In October 2013, Calderdale Council were faced with the challenge of supporting Stage Two of the Tour de France – the biggest cycle race in the world.
What we needed to consider
Planning an event of this size meant we had to consider road closures with the minimum of disruption to other road users. We had to find places for 400 support and promotional vehicles, and find where we could position race stewards and volunteers. We also needed to identify potential hazards such as pinch points and steep drops to make sure that we kept 200 professional cyclists safe, and manage 180,000 people who had come to watch the race as it sped through Calderdale.
By using several different types of Ordnance Survey data, the Operational and Delivery Group were able to carry out crowd modelling, allowing them to anticipate how huge numbers of people might behave in different circumstances. They were also able to work out traffic flows, both of people and motorists. A lot of information was put on the Council website which meant that Calderdale residents and other members of the public were kept updated about road cloasures, campsites and other events taking place.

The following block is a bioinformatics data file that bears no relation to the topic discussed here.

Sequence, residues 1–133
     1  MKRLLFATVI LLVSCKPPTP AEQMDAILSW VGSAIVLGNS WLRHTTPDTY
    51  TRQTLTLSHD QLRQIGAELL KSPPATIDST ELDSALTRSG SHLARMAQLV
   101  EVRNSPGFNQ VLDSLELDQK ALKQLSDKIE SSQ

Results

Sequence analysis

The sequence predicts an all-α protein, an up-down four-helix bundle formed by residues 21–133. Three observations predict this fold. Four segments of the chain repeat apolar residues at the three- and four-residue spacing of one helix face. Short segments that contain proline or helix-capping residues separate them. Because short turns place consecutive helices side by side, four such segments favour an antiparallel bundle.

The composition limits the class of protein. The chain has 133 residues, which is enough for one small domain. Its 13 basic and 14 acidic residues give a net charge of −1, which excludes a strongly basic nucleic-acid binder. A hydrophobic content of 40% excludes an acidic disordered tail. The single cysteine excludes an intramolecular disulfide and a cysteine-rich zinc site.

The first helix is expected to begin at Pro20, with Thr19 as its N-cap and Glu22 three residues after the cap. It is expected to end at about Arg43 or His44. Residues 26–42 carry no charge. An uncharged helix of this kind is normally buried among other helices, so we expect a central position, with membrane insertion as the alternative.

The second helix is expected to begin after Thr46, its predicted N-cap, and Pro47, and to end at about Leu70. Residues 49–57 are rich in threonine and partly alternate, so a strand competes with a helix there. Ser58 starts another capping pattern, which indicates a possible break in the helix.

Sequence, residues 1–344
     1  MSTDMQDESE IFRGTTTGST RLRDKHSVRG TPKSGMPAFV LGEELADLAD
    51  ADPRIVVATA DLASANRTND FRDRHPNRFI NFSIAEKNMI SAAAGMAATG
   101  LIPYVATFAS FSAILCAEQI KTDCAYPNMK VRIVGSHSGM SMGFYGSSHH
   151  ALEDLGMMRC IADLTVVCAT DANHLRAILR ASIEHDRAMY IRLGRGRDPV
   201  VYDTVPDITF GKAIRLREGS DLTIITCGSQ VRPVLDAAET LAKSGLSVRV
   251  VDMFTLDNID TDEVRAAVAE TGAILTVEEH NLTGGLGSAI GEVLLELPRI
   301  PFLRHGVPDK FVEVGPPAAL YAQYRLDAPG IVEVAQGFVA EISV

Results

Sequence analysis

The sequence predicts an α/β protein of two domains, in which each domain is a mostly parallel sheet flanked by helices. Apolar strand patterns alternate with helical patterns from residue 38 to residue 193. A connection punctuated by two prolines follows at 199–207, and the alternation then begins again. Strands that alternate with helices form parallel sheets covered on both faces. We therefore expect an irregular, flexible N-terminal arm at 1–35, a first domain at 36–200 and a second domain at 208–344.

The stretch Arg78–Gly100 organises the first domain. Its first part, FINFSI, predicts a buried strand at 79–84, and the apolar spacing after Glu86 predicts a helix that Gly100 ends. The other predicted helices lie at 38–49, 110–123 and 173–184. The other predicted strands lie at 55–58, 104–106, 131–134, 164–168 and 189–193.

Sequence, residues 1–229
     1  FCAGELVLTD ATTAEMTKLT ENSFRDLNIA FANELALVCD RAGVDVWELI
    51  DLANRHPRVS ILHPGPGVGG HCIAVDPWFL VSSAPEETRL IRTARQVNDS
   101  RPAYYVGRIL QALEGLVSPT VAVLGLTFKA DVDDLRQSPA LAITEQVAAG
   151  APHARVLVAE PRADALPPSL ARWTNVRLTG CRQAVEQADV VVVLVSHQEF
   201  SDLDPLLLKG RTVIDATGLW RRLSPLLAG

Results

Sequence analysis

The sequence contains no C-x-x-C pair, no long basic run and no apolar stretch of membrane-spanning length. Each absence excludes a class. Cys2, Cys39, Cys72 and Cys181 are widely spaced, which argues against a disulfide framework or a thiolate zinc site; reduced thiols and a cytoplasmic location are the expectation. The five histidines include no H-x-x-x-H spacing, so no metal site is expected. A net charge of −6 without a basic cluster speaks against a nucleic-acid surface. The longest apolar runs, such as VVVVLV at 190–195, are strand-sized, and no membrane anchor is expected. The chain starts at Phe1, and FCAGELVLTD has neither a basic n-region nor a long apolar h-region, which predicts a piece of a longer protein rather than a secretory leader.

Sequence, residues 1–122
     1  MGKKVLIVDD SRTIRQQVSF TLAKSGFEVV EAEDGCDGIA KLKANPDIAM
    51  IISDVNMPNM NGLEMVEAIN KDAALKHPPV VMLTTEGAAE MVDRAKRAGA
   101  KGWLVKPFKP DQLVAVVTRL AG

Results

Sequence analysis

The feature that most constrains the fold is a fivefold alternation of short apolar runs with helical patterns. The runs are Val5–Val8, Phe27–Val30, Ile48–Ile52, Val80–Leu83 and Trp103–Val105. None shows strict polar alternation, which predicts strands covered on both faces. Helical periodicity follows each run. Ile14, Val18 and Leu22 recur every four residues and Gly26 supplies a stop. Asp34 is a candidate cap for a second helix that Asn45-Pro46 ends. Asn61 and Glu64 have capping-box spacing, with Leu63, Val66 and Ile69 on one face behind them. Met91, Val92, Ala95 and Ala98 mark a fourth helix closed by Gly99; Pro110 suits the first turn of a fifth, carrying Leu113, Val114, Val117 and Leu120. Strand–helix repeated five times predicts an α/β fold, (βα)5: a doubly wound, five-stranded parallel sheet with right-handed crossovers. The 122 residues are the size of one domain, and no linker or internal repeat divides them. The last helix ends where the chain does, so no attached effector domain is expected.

Difference that it made to Calderdale
Because we were able to use the Ordnance Survey data and plan the event in good time, it allowed the Council to allocate resources effectively and to carry out proper risk assessment. We were able to share data with the other organisations and authorities involved. Calderdale benefitted from the increase in tourists and visitors to our beautiful part of the country. It really put Calderdale on the map.
In addition, the whole region benefitted by an estimated £128 million.
Ordnance Survey data is used by the Council for a variety of uses, examples can be found on Maps online.